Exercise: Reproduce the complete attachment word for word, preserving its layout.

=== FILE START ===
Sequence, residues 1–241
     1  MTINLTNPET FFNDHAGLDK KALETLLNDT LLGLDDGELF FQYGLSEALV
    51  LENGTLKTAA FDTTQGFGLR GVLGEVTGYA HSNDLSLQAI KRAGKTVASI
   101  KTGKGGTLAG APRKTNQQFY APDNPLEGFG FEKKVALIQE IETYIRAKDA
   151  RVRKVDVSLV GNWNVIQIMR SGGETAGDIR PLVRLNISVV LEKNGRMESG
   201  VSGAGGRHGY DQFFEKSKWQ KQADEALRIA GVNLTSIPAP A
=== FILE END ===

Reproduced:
Sequence, residues 1–241
     1  MTINLTNPET FFNDHAGLDK KALETLLNDT LLGLDDGELF FQYGLSEALV
    51  LENGTLKTAA FDTTQGFGLR GVLGEVTGYA HSNDLSLQAI KRAGKTVASI
   101  KTGKGGTLAG APRKTNQQFY APDNPLEGFG FEKKVALIQE IETYIRAKDA
   151  RVRKVDVSLV GNWNVIQIMR SGGETAGDIR PLVRLNISVV LEKNGRMESG
   201  VSGAGGRHGY DQFFEKSKWQ KQADEALRIA GVNLTSIPAP A